Instant Recess is gonna get you

Two completely different articles have reinforced something I already knew: the vast majority of 1190 Americans are in horrific physical condition.

The first piece was an Advertising Age article reporting that our nation's kids “…overwhelmingly chose McDonald's as their favorite fast-food restaurant (37 percent picked Mickey D's, 10 percent liked Subway and a mere eight percent opted for Burger King).”

McDonald's is so successful with kids, says one industry analyst, because of its Happy Meals. Eric Giandelone of Mintel says the calorie-laden meals make going to McDonald's “…fun for kids.” I'll bet the trips they make later in life to obesity clinics won't be as much fun.

McDonald's disturbing success with our nation's youth dovetailed neatly with an excellent Jane E. Brody column in a recent New York Times Health Section. In it, Brody profiles Dr. Toni Yancey, a professor of health services at UCLA, who says, “Being sedentary is the norm in America.”  Ninety-five percent of Americans, says Yancey, “…spend most of our waking time sitting, reclining or lying down.' Let me repeat that statistic: 95 percent of us do nothing. Zip. Zilch. Nada. A Happy Meal legacy, perhaps?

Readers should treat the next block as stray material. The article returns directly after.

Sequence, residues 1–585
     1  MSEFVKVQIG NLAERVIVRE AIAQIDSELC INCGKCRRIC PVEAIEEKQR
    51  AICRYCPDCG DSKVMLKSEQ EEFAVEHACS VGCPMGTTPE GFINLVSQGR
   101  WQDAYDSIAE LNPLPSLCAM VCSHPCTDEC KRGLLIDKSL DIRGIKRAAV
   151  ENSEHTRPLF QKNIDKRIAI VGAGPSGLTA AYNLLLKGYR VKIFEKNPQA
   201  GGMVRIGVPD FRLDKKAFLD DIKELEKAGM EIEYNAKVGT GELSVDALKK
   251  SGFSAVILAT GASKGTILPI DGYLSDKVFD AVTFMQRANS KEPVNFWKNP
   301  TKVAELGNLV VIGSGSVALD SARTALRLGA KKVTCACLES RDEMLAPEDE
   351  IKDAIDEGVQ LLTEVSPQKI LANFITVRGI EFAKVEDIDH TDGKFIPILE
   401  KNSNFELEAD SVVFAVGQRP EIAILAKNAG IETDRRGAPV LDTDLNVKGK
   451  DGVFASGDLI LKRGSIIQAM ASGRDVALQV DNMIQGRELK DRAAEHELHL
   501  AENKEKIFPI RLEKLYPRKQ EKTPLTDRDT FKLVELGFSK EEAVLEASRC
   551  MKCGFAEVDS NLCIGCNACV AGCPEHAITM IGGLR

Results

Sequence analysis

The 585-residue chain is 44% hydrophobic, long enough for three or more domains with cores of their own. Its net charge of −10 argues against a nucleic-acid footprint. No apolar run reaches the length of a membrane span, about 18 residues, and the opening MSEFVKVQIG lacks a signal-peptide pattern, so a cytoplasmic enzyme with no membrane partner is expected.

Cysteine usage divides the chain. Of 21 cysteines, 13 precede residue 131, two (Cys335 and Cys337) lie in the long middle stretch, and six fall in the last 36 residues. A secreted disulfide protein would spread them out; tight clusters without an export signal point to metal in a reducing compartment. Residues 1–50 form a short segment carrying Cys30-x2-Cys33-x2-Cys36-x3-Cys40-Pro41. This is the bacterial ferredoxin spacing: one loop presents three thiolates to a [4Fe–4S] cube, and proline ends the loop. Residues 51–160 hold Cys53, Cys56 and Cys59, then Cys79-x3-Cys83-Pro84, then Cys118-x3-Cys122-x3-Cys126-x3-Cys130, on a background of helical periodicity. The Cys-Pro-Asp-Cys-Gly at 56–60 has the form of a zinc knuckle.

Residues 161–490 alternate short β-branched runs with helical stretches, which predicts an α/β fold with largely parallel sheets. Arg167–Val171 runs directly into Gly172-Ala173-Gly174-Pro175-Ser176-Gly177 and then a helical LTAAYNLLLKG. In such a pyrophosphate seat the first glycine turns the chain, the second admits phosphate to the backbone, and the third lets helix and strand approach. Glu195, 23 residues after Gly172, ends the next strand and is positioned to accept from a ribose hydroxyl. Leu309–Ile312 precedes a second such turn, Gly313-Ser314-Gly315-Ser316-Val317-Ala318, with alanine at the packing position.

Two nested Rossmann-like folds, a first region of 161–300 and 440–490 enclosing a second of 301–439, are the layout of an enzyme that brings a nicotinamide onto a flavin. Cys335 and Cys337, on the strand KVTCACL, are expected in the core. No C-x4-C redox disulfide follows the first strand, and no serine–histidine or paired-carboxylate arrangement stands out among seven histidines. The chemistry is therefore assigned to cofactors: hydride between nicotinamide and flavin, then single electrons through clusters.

Dr. Yancey has a name for America's inertia. She calls it “sedentary behavior disorder.” I call it laziness.

She has a solution for SBD and has even written a book about it called “Instant Recess.” Unlike the recess we remember from grade school however, this newer, adult version consists of “two, 10-minute breaks of enjoyable community activity as part of people's everyday lives.” Yancey suggests brisk group walks wherever people gather: workplaces, day care centers, conferences, etc. She says instant recess beats structured exercise since most people “get tired when they exert themselves just a little bit, which of course discourages them from exercising.” I'd call that laziness as well.

I'm all for Dr. Toni Yancey's instant recess strategy. I just hope the group walks don't pass by a McDonald's. I can just see one of the members suggesting an instant recess from the instant recess.

15 thoughts on “Instant Recess is gonna get you

  1. Good stuff, Ghost. I mean your observation, not the food American kids are shoveling down their throats. I agree with you the crap we’re ingesting is fattening us up for the kill, not foodstuffs from Italy or France.